Touro Facility Will Employ Particle Beam
By SARAH ROHRS/Times-Herald staff writer
Article Launched: 11/29/2007 08:29:40 AM PST
DR. KLAUS PLATE, right, speaks with Sandy Person of Solano Economic Corp. and Gil Hollingsworth, manager of the Mare Island conversion program, at Wednesday's conference on the new particle beam cancer treatment center planned at the Touro University campus on Mare Island. (Stacey J. Miller/Times-Herald)
Touro University's cutting-edge $231 million cancer treatment center on Mare Island will get a helping hand from a German medical school building a similar center.
Among a 50-plus crowd gathered Wednesday at Farragut Inn to support Touro's combined particle beam therapy center was Dr. Klaus Plate, chief executive officer of the Technology Park in Heidelberg, Germany.
A personal assistant to the Lord Mayor of Heidelberg was also present. Both said they will help Touro bring the Vallejo project to fruition. A similar cancer treatment center is slated to open in Germany in 2012.
"This is one of the more unique cancer therapies offered. We are happy Touro has decided to join us in the mission to save lives. We are looking forward to
working together," Plate said.
Touro has teamed up with Siemens Medical Solutions to build one of the country's first cancer treatment centers using combined particle beam therapy, including proton beam and heavy carbon ions.
The $231 million center will be part of Touro's ambitious $1.2 billion development plans for a 191-acre parcel on the island's north end. The university has an exclusive right to negotiate with the city on a development agreement for the area.
Construction on the 125,000-square-foot project, slated for a parcel at G Street and Azuar Drive, could start this winter and be completed by early 2011. Work on the Heidelberg combined particle beam therapy center will begin this spring; it is to open in 2012.
Slightly larger than the Heidelberg center, the Touro facility will be able to treat about 2,000 people per year, said Siemens Vice President Dennis Falkenstein.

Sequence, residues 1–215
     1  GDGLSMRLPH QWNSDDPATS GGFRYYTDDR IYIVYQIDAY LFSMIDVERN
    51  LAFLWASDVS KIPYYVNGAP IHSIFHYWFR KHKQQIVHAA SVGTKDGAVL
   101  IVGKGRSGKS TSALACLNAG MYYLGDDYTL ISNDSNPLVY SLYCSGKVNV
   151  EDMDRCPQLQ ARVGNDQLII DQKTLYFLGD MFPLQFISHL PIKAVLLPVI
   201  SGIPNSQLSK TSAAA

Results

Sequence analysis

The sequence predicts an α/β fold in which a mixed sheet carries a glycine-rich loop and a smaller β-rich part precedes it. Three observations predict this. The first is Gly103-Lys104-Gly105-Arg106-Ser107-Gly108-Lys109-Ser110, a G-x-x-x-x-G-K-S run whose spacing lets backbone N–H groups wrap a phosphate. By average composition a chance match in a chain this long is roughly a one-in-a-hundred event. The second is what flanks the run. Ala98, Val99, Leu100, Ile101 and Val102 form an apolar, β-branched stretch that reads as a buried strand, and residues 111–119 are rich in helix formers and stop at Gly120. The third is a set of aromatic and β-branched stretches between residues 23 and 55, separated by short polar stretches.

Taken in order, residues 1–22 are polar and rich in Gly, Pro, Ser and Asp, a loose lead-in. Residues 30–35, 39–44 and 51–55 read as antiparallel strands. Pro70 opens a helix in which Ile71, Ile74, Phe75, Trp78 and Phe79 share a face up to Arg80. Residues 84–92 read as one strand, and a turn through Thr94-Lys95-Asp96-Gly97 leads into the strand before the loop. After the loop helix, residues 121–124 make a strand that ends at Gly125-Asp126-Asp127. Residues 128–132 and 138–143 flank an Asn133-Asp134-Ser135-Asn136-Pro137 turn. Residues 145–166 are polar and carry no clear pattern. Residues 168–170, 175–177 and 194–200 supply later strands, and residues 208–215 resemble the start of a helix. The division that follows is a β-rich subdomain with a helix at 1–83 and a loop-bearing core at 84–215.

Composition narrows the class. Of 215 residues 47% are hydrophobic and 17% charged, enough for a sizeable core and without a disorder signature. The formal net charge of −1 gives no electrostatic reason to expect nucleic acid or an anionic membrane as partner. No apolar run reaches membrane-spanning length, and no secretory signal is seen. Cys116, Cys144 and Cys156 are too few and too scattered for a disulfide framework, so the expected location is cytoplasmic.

The treatment facility will be accompanied by a clinical center or hospital.
On the north end, Touro also intends to build a cultural center, hotel, retail areas, classrooms and student housing.
Wednesday's gathering drew city department heads plus representatives of the Vallejo Chamber of Commerce, Vallejo Convention and Visitors Bureau, Solano Economic Development Corp., Lawrence Berkeley National Laboratory, Kaiser Medical Center and Sutter Solano Medical Center, among others.
Touro Vice President Richard Hassel said the event helped forge important partnerships. "The goal is to start relationships and for our community leaders, city staff and elected officials to get a better understanding of the project, and the impact of the project on the overall economy of the city," Hassel said.
Bruce Lang, West Coast land resources business practice manager for ARCADIS, the project's development manager, told the audience the cancer treatment center is expected to generate 3,000 jobs and generate $145 million for the regional economy.
Meanwhile, Plate said the Heidelberg medical center, where the particle beam treatment center is slated, generates more than 14,000 jobs and a regional economic impact of about $3 billion euros which equals $4.4 billion.
But Lang said profits are not the main objective. "Touro is not looking at huge amounts of profits, but looking at something to save lives," he said.
On particle beam therapy, the Federal Drug Administration is allowing Siemens to conduct planning and secure financing prior to getting clearance, Falkenstein said.
Touro University opened in 1998, and is educating more than 1,400 students at colleges of osteopathic medicine, pharmacy, health sciences and education.
THOSE ATTENDING Wednesday's conference on the particle beam cancer treament equiment planned for Touro University's Mare Island facility saw this example of CT particle beam technology. (Stacey J. Miller/Times-Herald)
Contact Sarah Rohrs at email@example.com or 553-6832.
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